By SCOTT BAUER
MADISON, Wis. (AP) — Nearly 100,000 Wisconsin voters identified as potentially having moved since the fall of 2019 are being mailed post cards from the state Elections Commission this week telling them how to ensure their registration address is up to date.
The mailing is the first since the Wisconsin Supreme Court ruled in April that the commission should not deactivate the registration of anyone identified as potentially having moved. Local election clerks can remove voters from the rolls, but they must first give them notice in writing 30 days ahead of taking that action.
State law requires voters who move, even to a different apartment within the same building, to reregister to vote at their new address before the next time they vote. Voters can also register at their current address at the polls on Election Day.
The mailing sent to about 97,700 voters identified as potentially having moved tells them how to update their voter registration if they have moved, or how to confirm that they have not moved.
Bringing an address up to date can be done online, by mail, in the local election clerk’s office or at the polls.
“We want voters to be prepared for elections in 2022,” Meagan Wolfe, Wisconsin’s chief elections official, said Wednesday. “This mailing is designed to help people who may have moved within Wisconsin make sure they’re ready to vote next year. It will not keep anyone who is eligible from voting.”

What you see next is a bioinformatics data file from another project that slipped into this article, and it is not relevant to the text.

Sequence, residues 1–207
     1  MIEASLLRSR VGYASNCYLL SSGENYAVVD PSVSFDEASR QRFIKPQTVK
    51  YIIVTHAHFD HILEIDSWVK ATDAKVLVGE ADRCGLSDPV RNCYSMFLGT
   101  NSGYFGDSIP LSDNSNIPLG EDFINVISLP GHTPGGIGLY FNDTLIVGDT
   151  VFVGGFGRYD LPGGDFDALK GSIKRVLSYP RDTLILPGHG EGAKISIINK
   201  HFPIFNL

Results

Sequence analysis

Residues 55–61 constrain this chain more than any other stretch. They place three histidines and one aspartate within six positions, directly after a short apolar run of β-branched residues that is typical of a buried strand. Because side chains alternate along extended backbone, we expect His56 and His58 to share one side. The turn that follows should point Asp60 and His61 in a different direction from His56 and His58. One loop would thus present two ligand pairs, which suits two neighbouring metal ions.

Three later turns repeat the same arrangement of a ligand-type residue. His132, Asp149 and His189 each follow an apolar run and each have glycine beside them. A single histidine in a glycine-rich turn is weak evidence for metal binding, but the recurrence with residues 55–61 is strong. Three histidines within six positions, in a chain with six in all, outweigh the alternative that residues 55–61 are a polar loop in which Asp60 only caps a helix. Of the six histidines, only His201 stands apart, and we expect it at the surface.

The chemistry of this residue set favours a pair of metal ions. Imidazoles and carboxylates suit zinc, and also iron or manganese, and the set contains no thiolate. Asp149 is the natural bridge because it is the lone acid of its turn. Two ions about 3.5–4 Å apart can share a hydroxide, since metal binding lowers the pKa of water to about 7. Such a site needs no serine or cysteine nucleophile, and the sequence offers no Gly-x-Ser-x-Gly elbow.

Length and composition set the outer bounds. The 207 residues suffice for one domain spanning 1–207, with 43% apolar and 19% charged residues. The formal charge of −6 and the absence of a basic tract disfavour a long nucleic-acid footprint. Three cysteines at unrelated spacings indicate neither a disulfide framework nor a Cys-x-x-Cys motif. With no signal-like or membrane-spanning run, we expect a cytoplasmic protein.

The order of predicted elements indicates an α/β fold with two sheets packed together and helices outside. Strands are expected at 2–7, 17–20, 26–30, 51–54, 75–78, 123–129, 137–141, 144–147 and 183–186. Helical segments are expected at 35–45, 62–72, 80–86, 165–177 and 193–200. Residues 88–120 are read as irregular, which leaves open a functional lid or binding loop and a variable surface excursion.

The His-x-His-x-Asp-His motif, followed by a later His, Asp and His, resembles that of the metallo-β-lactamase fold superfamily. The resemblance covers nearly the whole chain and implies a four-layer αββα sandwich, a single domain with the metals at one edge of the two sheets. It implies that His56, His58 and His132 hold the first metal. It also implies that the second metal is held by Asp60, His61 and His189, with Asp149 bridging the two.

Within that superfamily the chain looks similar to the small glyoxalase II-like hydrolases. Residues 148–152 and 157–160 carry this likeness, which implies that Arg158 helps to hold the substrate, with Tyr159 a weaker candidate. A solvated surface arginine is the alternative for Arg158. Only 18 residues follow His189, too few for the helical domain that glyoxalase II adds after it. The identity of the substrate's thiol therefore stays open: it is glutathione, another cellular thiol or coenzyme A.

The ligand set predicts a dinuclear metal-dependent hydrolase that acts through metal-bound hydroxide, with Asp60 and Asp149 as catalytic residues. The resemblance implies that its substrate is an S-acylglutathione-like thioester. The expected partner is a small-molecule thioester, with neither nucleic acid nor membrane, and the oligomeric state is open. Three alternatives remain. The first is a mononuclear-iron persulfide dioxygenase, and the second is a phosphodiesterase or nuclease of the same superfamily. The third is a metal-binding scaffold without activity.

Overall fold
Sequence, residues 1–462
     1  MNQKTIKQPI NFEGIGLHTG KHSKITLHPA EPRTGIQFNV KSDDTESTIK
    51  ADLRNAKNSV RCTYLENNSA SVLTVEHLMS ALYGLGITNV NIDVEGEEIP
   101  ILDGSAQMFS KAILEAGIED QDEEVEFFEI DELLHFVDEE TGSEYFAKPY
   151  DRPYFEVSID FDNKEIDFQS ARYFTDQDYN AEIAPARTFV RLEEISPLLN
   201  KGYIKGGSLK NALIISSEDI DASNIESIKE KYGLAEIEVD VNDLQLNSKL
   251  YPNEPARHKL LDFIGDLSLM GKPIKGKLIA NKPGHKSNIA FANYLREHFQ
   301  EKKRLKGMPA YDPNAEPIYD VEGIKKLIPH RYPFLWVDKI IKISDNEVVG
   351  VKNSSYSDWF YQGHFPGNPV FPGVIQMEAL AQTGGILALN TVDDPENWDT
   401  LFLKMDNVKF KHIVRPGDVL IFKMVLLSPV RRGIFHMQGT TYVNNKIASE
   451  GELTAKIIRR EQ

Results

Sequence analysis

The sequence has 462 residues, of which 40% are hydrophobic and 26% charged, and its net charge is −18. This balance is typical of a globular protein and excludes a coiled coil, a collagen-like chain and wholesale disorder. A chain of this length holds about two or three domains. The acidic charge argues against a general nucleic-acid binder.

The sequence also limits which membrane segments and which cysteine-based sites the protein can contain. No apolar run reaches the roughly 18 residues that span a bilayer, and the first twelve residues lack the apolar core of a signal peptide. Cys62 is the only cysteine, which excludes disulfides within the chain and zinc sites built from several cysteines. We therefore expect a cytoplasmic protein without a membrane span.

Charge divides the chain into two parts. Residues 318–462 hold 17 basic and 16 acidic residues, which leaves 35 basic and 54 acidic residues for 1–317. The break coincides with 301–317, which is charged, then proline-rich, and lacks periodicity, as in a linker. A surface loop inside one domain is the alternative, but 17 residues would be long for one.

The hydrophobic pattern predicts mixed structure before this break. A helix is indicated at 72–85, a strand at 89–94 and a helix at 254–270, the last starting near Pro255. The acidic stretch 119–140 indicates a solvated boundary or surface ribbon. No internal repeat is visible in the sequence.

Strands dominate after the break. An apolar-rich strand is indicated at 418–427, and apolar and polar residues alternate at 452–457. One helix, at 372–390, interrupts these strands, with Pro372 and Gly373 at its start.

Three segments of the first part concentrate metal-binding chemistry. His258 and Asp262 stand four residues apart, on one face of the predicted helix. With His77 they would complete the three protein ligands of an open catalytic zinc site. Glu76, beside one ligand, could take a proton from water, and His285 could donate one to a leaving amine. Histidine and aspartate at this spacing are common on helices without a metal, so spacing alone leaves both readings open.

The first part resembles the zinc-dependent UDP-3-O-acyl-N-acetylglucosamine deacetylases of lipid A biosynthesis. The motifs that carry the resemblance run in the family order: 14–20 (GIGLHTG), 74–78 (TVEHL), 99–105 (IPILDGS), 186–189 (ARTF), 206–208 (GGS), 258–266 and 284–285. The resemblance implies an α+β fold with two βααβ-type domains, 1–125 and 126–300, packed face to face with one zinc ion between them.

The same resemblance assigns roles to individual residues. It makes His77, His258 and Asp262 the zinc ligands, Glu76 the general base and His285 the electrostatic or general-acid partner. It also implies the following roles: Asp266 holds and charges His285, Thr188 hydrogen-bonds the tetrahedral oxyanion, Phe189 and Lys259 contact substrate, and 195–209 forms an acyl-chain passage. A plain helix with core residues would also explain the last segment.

The Elections Commission plans to send the mailing quarterly, with the next sets going out in September and December. It had been sending them every two years, but decided in June to send them more frequently to make the process more manageable for clerks.
The fight over how to deal with voters identified as potentially having moved began in 2019 with a lawsuit brought by the conservative Wisconsin Institute for Law and Liberty on behalf of three voters. They argued that flagged voters should be removed soon after the mailings are sent, but the Supreme Court disagreed in a 5-2 ruling and said deactivating voter registrations is up to local election clerks, not the state commission.
Last month, the commission mailed nearly 187,000 people who have not voted in four years to notify them that their voter registration will be deactivated unless they contact their municipal clerk by July 15.